Self Publishing Archives
If you’re considering self-publishing your novel, well good for you. I’m not here to criticize your choice. For many authors, self-publishing is the right decision and it works. However, during my frustrated adventures through the self-published shelves, I’ve noticed a few common problems cropping up over and over. Authors wonder why their work isn't selling, or why readers seem less than thrilled with their awesome story. The problem is they've messed up somewhere between writing the book and publishing it. Making just one of these seemingly harmless mistakes can mean the difference between a successful book and utter failure....more
I’ve waded the query waters for a long time and I’ve racked up hundreds of rejections. Yes, hundreds. Perhaps I haven’t wandered around as long as others have, but I’ve hammered at it long enough to know that the industry has changed drastically over the past few years. The route to a traditional publishing contract now has several paths, each with a different result for the authors that choose it.
While I don’t believe anyone should publish the first thing they write, or the second, or even the fifth, I have learned that following the rules, building a platform, joining critique groups and doing all of the stuff you’re advised to do the “right way” doesn’t always lead to success. In short, writing a good book doesn’t necessarily mean you’ll get a traditional publishing deal. If you’ve done all you can do, and you still haven’t seen results, then you have to start considering alternatives....more
Warning: In case you’re dumb as a stump and the title didn’t tip you off, this article may not be all good clean fun. We’re about to get a little dirty. Profanity and slightly graphic descriptions of sex and human anatomy will follow.
Clean fiction advocates should probably just move along. This will only offend you. And you kids should get out of here too.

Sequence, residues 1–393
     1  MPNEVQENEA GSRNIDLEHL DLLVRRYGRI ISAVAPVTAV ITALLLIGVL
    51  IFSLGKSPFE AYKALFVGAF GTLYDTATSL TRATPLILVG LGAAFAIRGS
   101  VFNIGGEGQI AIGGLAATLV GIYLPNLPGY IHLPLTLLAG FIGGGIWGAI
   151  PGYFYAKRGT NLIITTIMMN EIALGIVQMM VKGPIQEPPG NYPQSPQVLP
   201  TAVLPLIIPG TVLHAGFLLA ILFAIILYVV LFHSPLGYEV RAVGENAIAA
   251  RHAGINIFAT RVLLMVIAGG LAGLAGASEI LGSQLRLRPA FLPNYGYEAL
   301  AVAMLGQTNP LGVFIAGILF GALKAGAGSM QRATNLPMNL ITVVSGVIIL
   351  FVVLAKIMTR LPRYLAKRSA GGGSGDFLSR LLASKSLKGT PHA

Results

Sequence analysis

I love reading well-written erotica and sex scenes. I admire a writer who can go all-out and write a novel that’s all about steam. But I’ve noticed the problems these writers have. Most use pen names because in their real lives writing such themes gets them into all kinds of hot water. Why? Well there are many reasons. Basically porn and erotica are mistakenly lumped together all the time, and they’re always seen by the “normals” as taboo. Well it’s time to stop the insanity....more
As detailed in Crime and Criminal Justice for the year 2008, only in the U.S. there are over 700,000 police officers. If we add lawyers, other legal staff, technicians and medical personnel with knowledge of crime-scene procedure, the number is close to two million.
Nothing can antagonize readers faster than a narrative where it becomes obvious the writer hasn’t done his homework. In other words, where the writer portrays events and procedures removed from the reality.
Since crime scenes are depicted in most genres, not only in thriller and suspense works, getting the finer details right is the duty of any conscientious writer....more
Why do we have to pick a genre to write in exclusively? I understand books need to be categorized, but what if an author had, oh I don’t know, diverse interests? What if she wrote books about crime one day and the next wrote a bit of paranormal romance or horror? Is she to choose a single genre and stay there? And why, please someone tell me, must we feel the need to tack “gay” onto anything involving a same-sex romantic relationship?
Let’s not forget to ask why we’re all so damn defensive about the genres we read and write in. I am surprised all the time how passionately people feel about their favorite types of books, and the prejudices they hold for those genres they deem unworthy of their time....more
Critics often wonder (quite loudly sometimes) if theme is no more than a lost art in today’s fiction. I mean, how likely are readers of this century to ask, “What does it mean?” or “What’s the point of the story?” We’re more likely to note whether or not the story makes sense and the cause and effect of everyone’s actions is logical and realistic. Boy, are we ever not expecting anything from writers. It’s not the readers who have caused the art of theme to be lost, though, it’s us—the writers. While we might work a few moments of insight in a story, we tend to avoid asking the big questions about life, morality, love, hate—you get the idea. Big questions are considered cliché by many modern writers. It's all about entertainment, about sales, and this has really put a damper on the once overwhelming importance of theme.....more
Writing fiction is like stripping off all your clothes in a crowded room, baring yourself to everyone who cares to look, while wearing a mask to conceal your identity at the same time. The naked you wants others to admire what you have to offer, the masked part prefers to hide in the shadows, observing without being judged. It’s a strange contradiction that leaves use exhilarated and terrified at once. ...more